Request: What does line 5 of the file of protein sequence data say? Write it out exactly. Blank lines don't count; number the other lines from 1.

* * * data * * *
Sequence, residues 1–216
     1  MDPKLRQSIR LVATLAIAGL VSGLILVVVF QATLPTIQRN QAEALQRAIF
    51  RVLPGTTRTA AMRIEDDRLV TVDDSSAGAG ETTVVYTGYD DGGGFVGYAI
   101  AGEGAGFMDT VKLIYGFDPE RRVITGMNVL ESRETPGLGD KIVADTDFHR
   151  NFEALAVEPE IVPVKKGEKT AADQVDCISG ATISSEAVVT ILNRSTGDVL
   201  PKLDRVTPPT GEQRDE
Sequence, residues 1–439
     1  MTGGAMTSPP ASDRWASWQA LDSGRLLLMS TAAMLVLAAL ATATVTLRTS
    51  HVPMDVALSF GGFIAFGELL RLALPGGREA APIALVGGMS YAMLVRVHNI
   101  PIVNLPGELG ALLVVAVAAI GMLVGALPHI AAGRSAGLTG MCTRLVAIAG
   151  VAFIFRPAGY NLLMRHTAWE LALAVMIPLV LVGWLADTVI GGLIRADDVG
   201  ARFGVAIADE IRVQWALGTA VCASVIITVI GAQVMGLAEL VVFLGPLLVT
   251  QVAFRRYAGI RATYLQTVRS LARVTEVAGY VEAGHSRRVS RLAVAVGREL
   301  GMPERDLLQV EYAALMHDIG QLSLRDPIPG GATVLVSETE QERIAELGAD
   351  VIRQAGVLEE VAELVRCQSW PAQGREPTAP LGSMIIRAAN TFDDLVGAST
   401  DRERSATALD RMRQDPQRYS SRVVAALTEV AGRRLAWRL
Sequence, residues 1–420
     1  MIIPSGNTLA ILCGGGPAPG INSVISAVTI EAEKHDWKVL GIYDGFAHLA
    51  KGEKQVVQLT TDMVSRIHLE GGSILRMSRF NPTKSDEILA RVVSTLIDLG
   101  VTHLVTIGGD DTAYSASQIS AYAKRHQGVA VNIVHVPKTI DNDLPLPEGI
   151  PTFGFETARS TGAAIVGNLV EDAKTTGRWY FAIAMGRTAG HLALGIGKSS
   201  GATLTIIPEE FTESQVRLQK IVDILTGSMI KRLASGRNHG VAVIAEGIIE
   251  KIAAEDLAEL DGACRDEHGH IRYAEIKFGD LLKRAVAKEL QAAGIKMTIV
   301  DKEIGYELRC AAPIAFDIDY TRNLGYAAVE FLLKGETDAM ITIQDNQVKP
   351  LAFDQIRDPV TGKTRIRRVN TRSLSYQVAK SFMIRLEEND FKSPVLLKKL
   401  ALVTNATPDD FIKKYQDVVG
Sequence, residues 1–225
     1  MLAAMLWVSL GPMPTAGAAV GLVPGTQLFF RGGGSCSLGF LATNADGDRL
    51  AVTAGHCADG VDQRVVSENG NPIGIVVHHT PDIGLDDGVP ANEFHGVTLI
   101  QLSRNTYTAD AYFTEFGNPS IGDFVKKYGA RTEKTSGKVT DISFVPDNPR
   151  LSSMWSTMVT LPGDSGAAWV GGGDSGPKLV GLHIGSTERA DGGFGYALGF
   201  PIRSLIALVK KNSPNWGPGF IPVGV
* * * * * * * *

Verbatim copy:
   151  NFEALAVEPE IVPVKKGEKT AADQVDCISG ATISSEAVVT ILNRSTGDVL